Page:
Should people buy into this?

    One way to decide whether you should buy into something is by looking at the past.

    Aroskar said that this type of situation has happened several times before in history, but most of it occurred in the 1800s. He added that people who bought into the gold value increase and purchased gold while it is still on the rise would surely see economic benefit.

    “I wouldn’t buy into gold right now from a short-term perspective,” Aroskar said. “From a long-term perspective I would, yes, but from the short-term I wouldn’t because the prices have gone up so much that there is no point in investing.”

    Orr disagrees that there is no short-term benefit.

    “I plan on buying some gold; I was hoping gold would dip back below $700 (per ounce), but I don’t see the state of the economy changing anytime soon,” he said.

    Fennig thinks it’s important that people not only invest in gold, but in other economical assets as well. She added that if all of the markets crash, people would need multiple other assets as a back up plan.

    Orr thinks the increase in value will definitely continue for time to come, and Fennig agreed.

    “It will increase until the economy stabilizes a little bit more,” Fennig said.

    Aroskar somewhat refuted that because he thinks there will be some type of drop in the near future. However, he also said that from a long-term perspective the value of gold will continue to increase forever.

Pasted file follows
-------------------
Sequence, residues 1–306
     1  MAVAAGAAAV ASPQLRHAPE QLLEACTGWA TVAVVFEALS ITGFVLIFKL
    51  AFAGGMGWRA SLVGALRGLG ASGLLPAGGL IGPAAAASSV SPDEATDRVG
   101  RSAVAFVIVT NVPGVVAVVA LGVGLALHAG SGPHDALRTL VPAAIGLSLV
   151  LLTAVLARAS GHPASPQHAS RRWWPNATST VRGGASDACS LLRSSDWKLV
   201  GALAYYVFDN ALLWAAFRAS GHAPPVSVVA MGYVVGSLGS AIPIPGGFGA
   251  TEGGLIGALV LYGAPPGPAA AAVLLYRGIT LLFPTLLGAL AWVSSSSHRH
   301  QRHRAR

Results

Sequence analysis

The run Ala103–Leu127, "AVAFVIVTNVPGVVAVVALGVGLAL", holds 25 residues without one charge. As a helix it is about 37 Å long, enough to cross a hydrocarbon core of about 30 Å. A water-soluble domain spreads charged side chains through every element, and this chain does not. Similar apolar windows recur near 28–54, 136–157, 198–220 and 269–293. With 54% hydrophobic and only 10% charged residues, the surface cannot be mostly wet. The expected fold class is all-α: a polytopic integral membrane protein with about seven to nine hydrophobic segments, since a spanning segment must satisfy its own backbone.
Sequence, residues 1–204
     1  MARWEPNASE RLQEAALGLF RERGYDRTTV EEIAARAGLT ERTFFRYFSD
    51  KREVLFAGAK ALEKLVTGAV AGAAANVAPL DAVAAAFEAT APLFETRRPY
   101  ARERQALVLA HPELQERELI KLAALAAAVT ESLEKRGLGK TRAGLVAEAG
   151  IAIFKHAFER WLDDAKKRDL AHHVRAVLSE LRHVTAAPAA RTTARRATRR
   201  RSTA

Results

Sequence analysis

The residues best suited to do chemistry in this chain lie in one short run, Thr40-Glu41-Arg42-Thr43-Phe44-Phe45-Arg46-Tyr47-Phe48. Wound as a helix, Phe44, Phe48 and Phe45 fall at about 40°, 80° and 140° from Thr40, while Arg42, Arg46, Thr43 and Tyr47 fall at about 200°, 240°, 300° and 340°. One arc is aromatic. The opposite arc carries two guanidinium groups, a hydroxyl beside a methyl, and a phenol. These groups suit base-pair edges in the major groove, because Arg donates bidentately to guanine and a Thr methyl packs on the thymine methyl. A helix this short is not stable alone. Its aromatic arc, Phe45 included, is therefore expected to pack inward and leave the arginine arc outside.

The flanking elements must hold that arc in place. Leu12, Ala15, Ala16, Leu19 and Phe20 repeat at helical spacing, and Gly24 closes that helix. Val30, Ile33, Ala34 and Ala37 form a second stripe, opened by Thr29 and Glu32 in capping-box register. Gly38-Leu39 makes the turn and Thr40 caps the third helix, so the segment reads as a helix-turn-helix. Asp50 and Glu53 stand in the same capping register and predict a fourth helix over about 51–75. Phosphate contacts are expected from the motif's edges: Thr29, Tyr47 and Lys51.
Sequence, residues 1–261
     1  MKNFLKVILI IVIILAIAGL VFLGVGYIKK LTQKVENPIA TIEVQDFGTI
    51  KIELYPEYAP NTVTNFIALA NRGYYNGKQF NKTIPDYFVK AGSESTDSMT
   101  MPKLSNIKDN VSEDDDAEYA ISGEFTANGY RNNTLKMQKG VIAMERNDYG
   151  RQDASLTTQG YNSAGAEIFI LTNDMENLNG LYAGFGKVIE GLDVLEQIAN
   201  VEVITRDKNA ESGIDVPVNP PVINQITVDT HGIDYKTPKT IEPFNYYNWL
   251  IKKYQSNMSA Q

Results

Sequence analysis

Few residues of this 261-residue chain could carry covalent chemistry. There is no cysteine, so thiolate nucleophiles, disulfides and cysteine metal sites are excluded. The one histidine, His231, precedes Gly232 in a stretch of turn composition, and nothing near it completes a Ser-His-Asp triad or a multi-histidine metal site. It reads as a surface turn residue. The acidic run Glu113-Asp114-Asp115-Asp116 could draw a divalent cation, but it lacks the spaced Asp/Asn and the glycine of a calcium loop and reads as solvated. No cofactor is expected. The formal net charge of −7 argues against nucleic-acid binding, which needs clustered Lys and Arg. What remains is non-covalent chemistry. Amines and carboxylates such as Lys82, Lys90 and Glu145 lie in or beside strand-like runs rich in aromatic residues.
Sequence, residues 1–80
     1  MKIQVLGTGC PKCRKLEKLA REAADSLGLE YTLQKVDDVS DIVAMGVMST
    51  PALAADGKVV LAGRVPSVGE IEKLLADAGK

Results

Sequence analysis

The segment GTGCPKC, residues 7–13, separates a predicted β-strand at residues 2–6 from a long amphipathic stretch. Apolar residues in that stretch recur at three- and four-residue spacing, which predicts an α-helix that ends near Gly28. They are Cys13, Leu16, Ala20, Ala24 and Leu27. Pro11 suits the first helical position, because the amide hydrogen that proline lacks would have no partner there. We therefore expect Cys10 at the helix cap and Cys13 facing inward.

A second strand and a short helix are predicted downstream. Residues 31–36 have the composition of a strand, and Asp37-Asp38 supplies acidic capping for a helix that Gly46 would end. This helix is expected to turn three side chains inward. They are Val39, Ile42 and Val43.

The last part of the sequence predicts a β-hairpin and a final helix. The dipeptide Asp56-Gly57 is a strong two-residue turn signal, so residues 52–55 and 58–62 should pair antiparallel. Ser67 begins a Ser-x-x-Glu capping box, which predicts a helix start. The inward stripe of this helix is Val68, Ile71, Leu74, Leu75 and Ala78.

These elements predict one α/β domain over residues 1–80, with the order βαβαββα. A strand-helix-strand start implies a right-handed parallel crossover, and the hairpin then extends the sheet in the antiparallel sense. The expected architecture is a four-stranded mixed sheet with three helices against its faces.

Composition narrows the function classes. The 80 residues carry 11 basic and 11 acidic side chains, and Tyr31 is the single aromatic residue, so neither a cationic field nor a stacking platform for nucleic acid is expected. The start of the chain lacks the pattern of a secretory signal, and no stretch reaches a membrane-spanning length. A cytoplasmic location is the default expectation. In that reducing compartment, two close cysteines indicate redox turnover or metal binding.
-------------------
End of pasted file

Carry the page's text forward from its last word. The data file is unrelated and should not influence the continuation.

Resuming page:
Le May said the increase will continue because if the U.S. dollar is going to continue to fall and inflation is expected to rise, the result will be an uncertain outlook for equities.

    How could this effect college students?

    Anyone in debt will be much better off due to the increase, Aroskar said.

    Therefore, college students who acquire thousands of dollars in debt from student loans, will be better off because they will be paying off debt through a based currency.

    Aroskar said anyone who owns a large asset that is in college will be at a huge disadvantage and will see the opposite end of this borrowers benefit.

    Fennig pointed out that there are also organizations on campus that have interests in stock portfolio management.

    “I think that these organizations will look into investing not only in stocks and financial markets, but also into the commodities (like gold) market as well,” Fennig said.

    As gold prices continue to increase, and with no plateau expected in the near future, experts believe Americans will carry on investing in gold as a more fungible asset.

    Leave a Comment
    More to Discover

    Comments (0)

    The Spectator intends for this area to be used to foster healthy, thought-provoking discussion. Comments are expected to adhere to our standards and to be respectful and constructive. As such, we do not permit the use of profanity, foul language, personal attacks or the use of language that might be interpreted as libelous. The Spectator does not allow anonymous comments and requires a valid email address. The email address will not be displayed but will be used to confirm your comments.
    All The Spectator Picks Reader Picks Sort: Newest

    Your email address will not be published. Required fields are marked *

    Activate Search
    Gold prices continue to rise